We’re stabbing a guess you don’t click on an advert from a company you’ve never heard of before and buy hundreds or even thousands of pounds worth of stuff straight away. So you can’t expect customers to do that when you are the one selling the stuff.
LinkedIn Ads are just one step of the journey. Your other marketing activities have to be there to pull their weight too.
LinkedIn Advertising is (likely) worth it if you have:
A clear target customer.
The moment you say your target customer is “Anyone who has a business” or similarly vague statements, you’re guaranteed to waste time and money.
The more vague you are, the less you can be specific in your message (obviously!). The less the message is specific, the less it resonates with people. So you end up with something that never really hits the mark. Which leads to no results.
A clear goal.
Now that we’re clear that ‘making more sales’ is not a goal, identify exactly what you want.
Is it more quality content in front of the right audience? Is it giving away useful tools? Signup for webinars or face to face events?
Notice all these are goals that fit the beginning of the journey, and are designed to show your expertise and give people enough material to trust you know what you’re talking about?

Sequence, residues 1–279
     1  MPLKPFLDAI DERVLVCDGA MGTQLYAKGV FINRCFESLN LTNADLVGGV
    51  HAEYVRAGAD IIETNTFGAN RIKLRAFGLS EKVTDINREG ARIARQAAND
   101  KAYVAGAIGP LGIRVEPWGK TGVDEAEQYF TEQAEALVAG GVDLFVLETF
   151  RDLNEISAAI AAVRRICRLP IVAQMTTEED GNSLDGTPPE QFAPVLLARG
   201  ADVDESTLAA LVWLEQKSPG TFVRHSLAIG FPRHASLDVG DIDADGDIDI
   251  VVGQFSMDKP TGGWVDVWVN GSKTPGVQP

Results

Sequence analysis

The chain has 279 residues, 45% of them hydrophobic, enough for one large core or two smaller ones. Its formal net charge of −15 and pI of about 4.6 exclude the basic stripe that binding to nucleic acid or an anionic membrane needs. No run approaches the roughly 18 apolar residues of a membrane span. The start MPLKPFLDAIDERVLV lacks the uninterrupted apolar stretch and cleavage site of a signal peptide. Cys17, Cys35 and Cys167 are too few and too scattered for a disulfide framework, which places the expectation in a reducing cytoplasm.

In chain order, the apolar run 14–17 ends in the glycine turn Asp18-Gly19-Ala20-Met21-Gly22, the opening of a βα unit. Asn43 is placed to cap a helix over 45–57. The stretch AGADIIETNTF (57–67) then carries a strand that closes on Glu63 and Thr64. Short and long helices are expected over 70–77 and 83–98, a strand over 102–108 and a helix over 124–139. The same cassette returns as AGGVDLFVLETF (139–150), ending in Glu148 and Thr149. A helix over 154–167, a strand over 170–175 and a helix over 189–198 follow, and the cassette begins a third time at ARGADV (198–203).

This phase turns perfect strangers into people who are interested in what you have to say and the value you provide.
It’s a fundamental step that increases dramatically the chances of generating enquiries from LinkedIn.
You might have heard LinkedIn advertising is expensive, and as usual, expensive is relative.
Sure, TheB2BHouse sets the average cost per click at $5.58 globally. You might hear that and think “Facebook is a lot cheaper!”
- It’s an average, so it can vary massively
- The real cost depends on industry, seniority, how much competition you have in your niche
- Every account is different
- The cost per click varies depending how compelling your message is
- It depends on whether you’re targeting the right audience